Germination Response of Albizia lebbeck (L.) Benth Seed to Different Scarification Treatments in Botswana | Chapter 14 | New Perspectives in Agriculture and Crop Science Vol. 1

Evaluation of different pre-sowing treatments on germination of A. lebbeck seeds was conducted in the laboratory at Botswana University of Agriculture and Natural Resources (BUAN) from January to February 2018. The experiment was laid out in a completely randomized design (CRD) with five treatments as follows; mechanical scarification, boiling water, hot water, concentrated sulphuric acid (98.8%) and control (untreated seeds). Sulphuric acid had four different levels of exposure time (15, 30, 45 and 60 minutes), whereas boiling water had three levels of exposure time (1, 3 and 5 minutes). Each treatment had four replications. Germination percentages (GP), mean germination time (MGT) and germination index (GI) were calculated and the data were subjected to analysis of variance (ANOVA). Significant (p<0.01) differences in germination parameters were observed across the treatments. Concentrated sulphuric (60 minutes) had superior absolute numbers than the rest including the control, recording 82% compared to 8% for control. However, no statistical differences were observed across the three main treatments; all sulphuric acid, boiling water (1 minute) and mechanical scarification. The control revealed the longest MGT which was significantly (p<0.01) longer than the rest. As would be expected, pre-sowing treatments which outperformed others in terms of germination percentages recorded, significantly (p<0.01) increased the GI as compared to control. Based on these findings, mechanical scarification, boiling (1 minute) and hot water treatments are recommended as suitable seed pre-sowing treatments for enhancing the germination of A. lebbeck seeds because the methods are cheap and easy to perform. Although concentrated sulphuric acid yielded the best rest results the method is not recommended because of its high cost and the danger it poses to workers.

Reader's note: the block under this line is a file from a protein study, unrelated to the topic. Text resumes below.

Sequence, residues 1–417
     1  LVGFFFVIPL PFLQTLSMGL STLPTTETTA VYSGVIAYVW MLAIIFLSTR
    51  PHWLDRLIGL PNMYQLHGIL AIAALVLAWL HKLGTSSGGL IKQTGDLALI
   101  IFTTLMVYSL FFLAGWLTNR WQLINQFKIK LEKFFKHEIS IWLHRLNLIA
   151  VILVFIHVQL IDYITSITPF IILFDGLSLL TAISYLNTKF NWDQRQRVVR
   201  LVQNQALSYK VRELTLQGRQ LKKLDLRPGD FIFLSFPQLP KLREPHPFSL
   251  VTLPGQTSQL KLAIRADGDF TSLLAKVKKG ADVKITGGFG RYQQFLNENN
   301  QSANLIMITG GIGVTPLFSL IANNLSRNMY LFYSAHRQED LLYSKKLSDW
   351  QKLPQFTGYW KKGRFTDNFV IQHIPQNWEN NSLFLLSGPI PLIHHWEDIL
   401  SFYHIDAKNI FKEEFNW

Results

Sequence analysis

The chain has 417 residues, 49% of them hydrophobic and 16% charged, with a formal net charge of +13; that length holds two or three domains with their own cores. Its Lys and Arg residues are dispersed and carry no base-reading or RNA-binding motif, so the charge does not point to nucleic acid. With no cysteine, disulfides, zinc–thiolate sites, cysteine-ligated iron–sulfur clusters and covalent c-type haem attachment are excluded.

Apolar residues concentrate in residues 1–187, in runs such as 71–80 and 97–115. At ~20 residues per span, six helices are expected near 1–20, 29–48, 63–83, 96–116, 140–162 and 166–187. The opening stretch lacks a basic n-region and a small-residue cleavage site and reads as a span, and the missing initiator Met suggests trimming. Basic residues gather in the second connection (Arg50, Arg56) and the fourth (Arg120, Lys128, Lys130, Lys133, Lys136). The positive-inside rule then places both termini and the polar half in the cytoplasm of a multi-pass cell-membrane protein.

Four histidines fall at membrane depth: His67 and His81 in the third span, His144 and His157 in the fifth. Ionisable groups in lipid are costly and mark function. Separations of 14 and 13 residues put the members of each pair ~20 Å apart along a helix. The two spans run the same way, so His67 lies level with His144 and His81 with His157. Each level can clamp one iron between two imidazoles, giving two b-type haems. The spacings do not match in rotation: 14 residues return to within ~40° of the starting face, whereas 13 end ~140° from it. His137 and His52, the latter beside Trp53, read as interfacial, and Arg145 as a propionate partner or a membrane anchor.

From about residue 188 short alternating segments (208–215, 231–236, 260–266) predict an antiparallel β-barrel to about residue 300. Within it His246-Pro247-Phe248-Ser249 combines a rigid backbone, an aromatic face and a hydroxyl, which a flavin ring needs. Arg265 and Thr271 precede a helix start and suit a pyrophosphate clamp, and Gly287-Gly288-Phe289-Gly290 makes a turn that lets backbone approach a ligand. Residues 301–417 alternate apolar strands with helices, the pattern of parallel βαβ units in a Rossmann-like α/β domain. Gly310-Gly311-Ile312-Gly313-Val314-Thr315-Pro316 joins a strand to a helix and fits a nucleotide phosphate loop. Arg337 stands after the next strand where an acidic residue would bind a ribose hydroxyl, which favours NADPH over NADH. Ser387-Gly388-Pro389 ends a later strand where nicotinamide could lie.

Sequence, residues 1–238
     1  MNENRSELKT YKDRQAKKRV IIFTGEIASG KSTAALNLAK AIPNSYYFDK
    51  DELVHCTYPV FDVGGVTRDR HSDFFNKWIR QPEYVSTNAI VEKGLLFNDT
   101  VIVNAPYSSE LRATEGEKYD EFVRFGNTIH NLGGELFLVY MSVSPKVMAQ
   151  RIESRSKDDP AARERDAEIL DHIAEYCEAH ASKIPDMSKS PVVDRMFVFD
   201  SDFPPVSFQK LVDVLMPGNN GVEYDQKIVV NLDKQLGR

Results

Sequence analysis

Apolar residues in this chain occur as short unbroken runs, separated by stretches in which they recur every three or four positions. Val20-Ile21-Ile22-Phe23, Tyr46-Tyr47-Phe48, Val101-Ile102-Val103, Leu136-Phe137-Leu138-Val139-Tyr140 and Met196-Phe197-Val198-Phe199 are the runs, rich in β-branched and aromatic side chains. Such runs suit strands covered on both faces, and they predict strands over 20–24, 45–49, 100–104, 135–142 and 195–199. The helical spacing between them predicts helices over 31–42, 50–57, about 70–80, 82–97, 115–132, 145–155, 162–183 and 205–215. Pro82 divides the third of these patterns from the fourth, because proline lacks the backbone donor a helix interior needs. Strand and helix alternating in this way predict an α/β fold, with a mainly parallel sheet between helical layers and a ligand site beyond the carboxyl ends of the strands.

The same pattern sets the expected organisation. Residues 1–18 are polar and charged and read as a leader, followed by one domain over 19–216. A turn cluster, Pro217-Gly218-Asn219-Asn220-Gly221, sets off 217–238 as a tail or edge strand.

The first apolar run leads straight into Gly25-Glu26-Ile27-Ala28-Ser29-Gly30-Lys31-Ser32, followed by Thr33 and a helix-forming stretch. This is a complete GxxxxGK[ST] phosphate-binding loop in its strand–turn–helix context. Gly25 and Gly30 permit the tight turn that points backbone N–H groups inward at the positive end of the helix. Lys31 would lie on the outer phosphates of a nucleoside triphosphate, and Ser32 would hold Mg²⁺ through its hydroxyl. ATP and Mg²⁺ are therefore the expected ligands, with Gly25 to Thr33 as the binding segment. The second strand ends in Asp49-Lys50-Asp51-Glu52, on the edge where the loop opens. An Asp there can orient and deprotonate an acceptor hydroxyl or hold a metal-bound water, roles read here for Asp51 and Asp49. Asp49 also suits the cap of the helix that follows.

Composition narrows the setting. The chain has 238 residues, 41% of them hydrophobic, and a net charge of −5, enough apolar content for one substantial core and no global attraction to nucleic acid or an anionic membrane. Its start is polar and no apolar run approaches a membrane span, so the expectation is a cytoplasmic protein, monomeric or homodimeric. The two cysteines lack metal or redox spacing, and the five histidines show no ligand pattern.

Author(s) Details

Kemoemetse Maphuthe

Department of Crop and Soil Sciences, Botswana University of Agriculture and Natural Resources, Gaborone, Botswana.

Witness Mojeremane

Department of Range and Forest Resources, Botswana University of Agriculture and Natural Resources, Gaborone, Botswana.

Thembinkosi Mathowa

Department of Crop and Soil Sciences, Botswana University of Agriculture and Natural Resources, Gaborone, Botswana.

Read full article: http://bp.bookpi.org/index.php/bpi/catalog/view/84/1190/833-1                                                                              

View Volume: https://doi.org/10.9734/bpi/npacs/v1

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